The windows method: a fresh approach to video case discussion
Research output: Contribution to journal › Journal article › Research › peer-review
Roger Neighbour, Jan-Helge Larsen
Group discussion of a video-recorded real or role-played consultation is a well-established way of helping general practitioners, trainees or students to explore the clinical, relational and communication dimensions of their work. The challenge for anyone leading a video case discussion group is to facilitate a process which is rigorous and thought-provoking yet at the same time supportive, constructive and respectful of the vulnerability of the individual presenting, and which, moreover, builds over time a safe and creative learning environment for the Group as a whole. This paper describes a systematic approach –elaborated over a 20-year period by Jan-Helge Larsen and colleagues from an idea by Colin Coles – that goes a long way towards meeting this challenge. It can be used at all stages of undergraduate and postgraduate training.The term ‘windows’ refers to 10 stages the discussion goes through in sequence, each one opening a different viewpoint or window on the case. To experienced tutors, the windows method’s prescriptive structure may at first seem somewhat rigid. However, for learners with less experience of reflection and self-disclosure, it provides the security necessary to explore uncertainties and alternatives,giving group members a framework and a vocabulary of constructive commentary which will be of value throughout their professional lives.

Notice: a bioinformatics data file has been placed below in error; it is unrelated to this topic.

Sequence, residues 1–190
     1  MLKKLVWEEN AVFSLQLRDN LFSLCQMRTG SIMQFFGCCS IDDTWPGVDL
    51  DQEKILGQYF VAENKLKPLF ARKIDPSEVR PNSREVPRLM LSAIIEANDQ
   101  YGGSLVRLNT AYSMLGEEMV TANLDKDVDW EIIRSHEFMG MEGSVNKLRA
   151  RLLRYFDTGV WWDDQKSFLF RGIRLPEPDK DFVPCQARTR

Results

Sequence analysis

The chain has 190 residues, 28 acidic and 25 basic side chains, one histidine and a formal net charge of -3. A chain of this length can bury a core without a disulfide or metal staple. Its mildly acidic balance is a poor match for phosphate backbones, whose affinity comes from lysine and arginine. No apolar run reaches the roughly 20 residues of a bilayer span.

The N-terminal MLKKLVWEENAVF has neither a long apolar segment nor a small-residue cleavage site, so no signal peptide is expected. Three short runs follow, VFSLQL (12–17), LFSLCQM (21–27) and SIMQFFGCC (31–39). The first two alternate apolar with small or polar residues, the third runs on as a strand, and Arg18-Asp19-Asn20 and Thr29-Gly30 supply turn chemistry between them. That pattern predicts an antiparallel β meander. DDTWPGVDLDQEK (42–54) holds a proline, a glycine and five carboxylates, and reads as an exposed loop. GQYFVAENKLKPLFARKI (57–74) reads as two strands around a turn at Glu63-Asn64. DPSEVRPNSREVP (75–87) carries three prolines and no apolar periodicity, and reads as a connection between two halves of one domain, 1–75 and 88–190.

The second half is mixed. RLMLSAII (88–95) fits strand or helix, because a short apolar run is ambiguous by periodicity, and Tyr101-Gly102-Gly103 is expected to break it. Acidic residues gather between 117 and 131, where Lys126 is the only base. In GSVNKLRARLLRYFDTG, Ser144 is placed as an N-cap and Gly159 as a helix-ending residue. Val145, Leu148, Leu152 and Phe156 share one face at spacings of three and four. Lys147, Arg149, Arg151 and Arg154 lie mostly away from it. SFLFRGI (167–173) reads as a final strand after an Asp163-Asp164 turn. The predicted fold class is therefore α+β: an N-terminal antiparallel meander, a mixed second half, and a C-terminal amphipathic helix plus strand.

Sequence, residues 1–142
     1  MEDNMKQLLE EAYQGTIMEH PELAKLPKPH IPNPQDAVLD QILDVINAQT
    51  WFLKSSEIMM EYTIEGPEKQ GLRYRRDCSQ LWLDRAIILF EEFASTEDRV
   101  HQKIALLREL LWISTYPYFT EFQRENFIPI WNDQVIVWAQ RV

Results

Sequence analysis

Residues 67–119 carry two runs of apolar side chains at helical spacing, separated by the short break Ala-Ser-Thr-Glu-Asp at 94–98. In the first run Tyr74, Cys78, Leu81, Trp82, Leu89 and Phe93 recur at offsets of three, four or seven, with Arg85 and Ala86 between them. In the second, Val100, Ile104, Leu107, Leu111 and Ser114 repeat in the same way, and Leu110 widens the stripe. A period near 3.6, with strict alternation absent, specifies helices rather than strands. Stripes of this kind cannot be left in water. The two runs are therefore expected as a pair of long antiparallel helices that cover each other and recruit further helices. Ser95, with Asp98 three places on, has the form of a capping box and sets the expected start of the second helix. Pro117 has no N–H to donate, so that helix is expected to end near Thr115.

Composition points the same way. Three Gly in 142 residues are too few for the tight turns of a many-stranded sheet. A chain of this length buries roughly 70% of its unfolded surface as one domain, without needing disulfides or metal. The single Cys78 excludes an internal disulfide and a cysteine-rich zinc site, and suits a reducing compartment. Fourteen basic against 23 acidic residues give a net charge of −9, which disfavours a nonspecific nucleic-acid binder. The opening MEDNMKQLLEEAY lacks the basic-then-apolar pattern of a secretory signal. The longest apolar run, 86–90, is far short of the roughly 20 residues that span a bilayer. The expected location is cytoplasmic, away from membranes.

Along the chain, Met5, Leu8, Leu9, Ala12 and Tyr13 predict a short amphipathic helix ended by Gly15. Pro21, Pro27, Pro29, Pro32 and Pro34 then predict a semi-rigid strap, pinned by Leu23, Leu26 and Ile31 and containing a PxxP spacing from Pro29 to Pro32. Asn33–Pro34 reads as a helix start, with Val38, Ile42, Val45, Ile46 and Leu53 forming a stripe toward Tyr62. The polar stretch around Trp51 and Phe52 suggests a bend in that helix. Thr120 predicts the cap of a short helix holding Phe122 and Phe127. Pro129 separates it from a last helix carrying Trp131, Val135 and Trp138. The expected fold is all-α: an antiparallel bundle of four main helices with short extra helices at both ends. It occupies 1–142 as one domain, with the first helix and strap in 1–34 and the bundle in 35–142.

|Journal||Education for Primary Care|
|Number of pages||5|
|Publication status||Published - 2017|